Last month, the U.S. Consumer Product Safety Commission (CPSC) approved a new federal safety standard for children’s booster seats, including those used at home and in restaurants. This standard does not apply to booster seats intended for use in vehicles.
There were a total of 912 incidents related to booster seats reported to the CPSC between January 1, 2008 and October 31, 2017. These incidents included two fatalities. Head injuries as a result of falling out of the booster seat are the most common injury hazard. Restraint/attachment issues, problems with the seat, lock/latch failures, and problems with the tray or design are other common hazards.
The new safety rule incorporates the most recent standard developed by ASTM International. It also includes several points to help make sure that consumers know the proper way to use booster seats and how to keep kids safe while using them. For example, the booster seat’s retail package should indicate minimum dimensions for the adult chair that the booster seat can fit onto. There should also be a warning on the booster seat that reminds consumers to ensure that the seat is securely fastened to the adult chair before it is used. Booster seats should have an active means of attaching to an adult chair to prevent falls. Also, consumers should stop children in booster seats from pushing away from the table to prevent falls.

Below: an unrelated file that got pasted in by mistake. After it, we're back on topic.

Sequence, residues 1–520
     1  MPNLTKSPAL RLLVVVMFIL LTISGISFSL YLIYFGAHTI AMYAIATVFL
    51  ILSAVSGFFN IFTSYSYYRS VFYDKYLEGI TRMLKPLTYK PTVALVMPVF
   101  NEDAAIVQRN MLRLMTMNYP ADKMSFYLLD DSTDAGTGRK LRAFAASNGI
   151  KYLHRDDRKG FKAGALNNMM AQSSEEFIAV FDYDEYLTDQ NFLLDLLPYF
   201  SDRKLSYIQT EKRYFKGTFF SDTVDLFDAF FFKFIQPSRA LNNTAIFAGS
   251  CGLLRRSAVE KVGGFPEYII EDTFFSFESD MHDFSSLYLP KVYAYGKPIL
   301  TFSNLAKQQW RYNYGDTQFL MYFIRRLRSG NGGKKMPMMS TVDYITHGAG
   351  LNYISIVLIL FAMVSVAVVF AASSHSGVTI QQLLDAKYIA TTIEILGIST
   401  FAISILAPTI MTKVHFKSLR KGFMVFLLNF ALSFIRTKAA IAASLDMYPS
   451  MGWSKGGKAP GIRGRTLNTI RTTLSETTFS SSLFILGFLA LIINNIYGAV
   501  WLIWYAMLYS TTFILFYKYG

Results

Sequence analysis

If your child has been injured due to a defective booster seat, contact the Schuerman Law office today. Schuerman Law has been working with personal injury claims for over 40 years. John Schuerman will compassionately advocate for injured individuals as well as their families while fighting for full compensation of their claims. Schuerman Law offers evening and weekend appointments in addition to home and hospital visits. Schedule a free consultation today by calling 1-800-274-0045.